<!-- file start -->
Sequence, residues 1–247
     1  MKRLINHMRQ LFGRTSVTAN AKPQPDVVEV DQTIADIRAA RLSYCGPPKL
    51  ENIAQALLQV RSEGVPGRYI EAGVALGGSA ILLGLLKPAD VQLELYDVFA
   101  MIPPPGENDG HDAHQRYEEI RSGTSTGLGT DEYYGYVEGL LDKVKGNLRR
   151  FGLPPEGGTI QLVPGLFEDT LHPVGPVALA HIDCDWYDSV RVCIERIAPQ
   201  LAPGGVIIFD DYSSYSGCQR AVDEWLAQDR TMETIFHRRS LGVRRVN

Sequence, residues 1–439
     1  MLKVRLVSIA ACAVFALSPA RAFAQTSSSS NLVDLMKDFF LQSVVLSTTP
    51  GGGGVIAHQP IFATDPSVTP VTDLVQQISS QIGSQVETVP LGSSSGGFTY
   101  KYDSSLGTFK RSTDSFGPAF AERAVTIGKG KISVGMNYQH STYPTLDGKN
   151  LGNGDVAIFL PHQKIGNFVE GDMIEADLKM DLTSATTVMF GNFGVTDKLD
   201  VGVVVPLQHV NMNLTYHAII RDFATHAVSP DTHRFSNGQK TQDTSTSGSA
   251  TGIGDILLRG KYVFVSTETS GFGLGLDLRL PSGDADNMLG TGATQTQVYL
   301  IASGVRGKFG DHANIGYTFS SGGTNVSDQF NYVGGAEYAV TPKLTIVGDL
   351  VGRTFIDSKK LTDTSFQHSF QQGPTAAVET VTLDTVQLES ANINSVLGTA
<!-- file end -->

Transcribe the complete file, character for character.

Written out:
Sequence, residues 1–247
     1  MKRLINHMRQ LFGRTSVTAN AKPQPDVVEV DQTIADIRAA RLSYCGPPKL
    51  ENIAQALLQV RSEGVPGRYI EAGVALGGSA ILLGLLKPAD VQLELYDVFA
   101  MIPPPGENDG HDAHQRYEEI RSGTSTGLGT DEYYGYVEGL LDKVKGNLRR
   151  FGLPPEGGTI QLVPGLFEDT LHPVGPVALA HIDCDWYDSV RVCIERIAPQ
   201  LAPGGVIIFD DYSSYSGCQR AVDEWLAQDR TMETIFHRRS LGVRRVN

Sequence, residues 1–439
     1  MLKVRLVSIA ACAVFALSPA RAFAQTSSSS NLVDLMKDFF LQSVVLSTTP
    51  GGGGVIAHQP IFATDPSVTP VTDLVQQISS QIGSQVETVP LGSSSGGFTY
   101  KYDSSLGTFK RSTDSFGPAF AERAVTIGKG KISVGMNYQH STYPTLDGKN
   151  LGNGDVAIFL PHQKIGNFVE GDMIEADLKM DLTSATTVMF GNFGVTDKLD
   201  VGVVVPLQHV NMNLTYHAII RDFATHAVSP DTHRFSNGQK TQDTSTSGSA
   251  TGIGDILLRG KYVFVSTETS GFGLGLDLRL PSGDADNMLG TGATQTQVYL
   301  IASGVRGKFG DHANIGYTFS SGGTNVSDQF NYVGGAEYAV TPKLTIVGDL
   351  VGRTFIDSKK LTDTSFQHSF QQGPTAAVET VTLDTVQLES ANINSVLGTA